Daredevil and International Law

The most recent issue of Mark Waid’s fantastic run of Daredevil raises some interesting questions related to international law, which is always a tricky area.  Spoilers ahead!

If you haven’t been following Daredevil lately, you should because it’s really great, but here’s the story so far:  The main story arc over the past few issues has been about Daredevil’s theft of a disc containing financial information about all of the major criminal organization in the world (e.g. AIM, HYDRA).  Daredevil uncovered a plan to turn Latveria into a financial haven for these organizations, which would be highly profitable for Latveria.  By stopping the plan, Daredevil made Latveria more than a bit unhappy, and so he was abducted from New York and taken to Latveria’s capital, where he was summarily punished for his actions.  (I won’t reveal the punishment because it’s a spoiler for the next issue).  Just before the punishment commences, Daredevil demands “an opportunity to mount a defense in accordance with international law!”  But just what does this mean?

International law has two major sources: treaties and customary international law.  “General legal principles” are also sometimes cited as a source of international law, but they are mainly used to fill gaps left by the other two sources.  Treaties are explicit agreements between nations and are often binding.  Customary international law is more amorphous.  “In short, customary international law is composed only of those rules that States universally abide by, or accede to, out of a sense of legal obligation and mutual concern.”  Flores v. Southern Peru Copper Corp., 414 F.3d 233, 248 (2d Cir. 2003).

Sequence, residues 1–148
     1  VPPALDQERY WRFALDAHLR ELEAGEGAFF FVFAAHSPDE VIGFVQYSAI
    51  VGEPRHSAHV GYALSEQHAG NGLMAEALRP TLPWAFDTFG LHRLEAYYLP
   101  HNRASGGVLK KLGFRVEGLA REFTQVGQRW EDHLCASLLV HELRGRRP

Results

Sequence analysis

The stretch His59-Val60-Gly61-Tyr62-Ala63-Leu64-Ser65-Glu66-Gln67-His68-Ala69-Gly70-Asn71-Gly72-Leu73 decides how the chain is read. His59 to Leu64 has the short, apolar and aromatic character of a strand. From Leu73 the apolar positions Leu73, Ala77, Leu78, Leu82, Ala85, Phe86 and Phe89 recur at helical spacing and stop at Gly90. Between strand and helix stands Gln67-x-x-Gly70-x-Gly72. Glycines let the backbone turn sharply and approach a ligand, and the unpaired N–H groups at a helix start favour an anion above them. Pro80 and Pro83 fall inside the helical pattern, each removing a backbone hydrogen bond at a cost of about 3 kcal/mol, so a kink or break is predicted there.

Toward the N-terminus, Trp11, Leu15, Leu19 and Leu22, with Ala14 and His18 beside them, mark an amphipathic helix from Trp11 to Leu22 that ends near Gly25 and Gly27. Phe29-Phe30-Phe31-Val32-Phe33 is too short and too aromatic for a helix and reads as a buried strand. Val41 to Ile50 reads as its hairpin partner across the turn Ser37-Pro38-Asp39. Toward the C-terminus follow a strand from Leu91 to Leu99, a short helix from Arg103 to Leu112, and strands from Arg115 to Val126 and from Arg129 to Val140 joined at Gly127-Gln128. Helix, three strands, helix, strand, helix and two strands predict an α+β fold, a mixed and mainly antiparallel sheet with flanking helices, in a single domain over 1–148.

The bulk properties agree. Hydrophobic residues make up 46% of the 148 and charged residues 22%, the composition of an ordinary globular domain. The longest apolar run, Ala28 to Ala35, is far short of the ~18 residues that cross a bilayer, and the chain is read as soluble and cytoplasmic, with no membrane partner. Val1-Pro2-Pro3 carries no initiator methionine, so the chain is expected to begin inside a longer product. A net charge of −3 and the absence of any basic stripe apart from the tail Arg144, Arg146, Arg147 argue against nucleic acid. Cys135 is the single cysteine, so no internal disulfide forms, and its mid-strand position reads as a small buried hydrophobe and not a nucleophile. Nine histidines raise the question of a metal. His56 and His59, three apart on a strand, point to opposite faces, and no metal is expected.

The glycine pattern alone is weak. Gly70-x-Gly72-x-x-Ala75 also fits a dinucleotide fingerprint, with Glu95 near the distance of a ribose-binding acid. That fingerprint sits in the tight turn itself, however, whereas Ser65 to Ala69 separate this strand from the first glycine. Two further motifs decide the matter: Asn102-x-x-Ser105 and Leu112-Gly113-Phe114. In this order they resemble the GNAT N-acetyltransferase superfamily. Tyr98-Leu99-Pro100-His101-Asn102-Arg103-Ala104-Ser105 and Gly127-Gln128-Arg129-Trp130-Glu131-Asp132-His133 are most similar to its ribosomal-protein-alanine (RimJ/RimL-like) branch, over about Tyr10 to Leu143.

In this case, there is a treaty that could give Daredevil a right to a fair trial: the International Covenant on Civil and Political Rights, which is a treaty that includes many of the provisions of the Universal Declaration of Human Rights.  The UDHR is itself non-binding but is often cited as a source of customary international law, which I’ll discuss more in a moment.  Article 14 of the ICCPR establishes several rights that Daredevil was denied, including:

… everyone shall be entitled to a fair and public hearing by a competent, independent and impartial tribunal established by law … everyone shall be entitled to the following minimum guarantees: 

(a) To be informed promptly and in detail in a language which he understands of the nature and cause of the charge against him;

(b) To have adequate time and facilities for the preparation of his defence and to communicate with counsel of his own choosing; …

(d) To be tried in his presence, and to defend himself in person or through legal assistance of his own choosing; to be informed, if he does not have legal assistance, of this right; and to have legal assistance assigned to him, in any case where the interests of justice so require, and without payment by him in any such case if he does not have sufficient means to pay for it;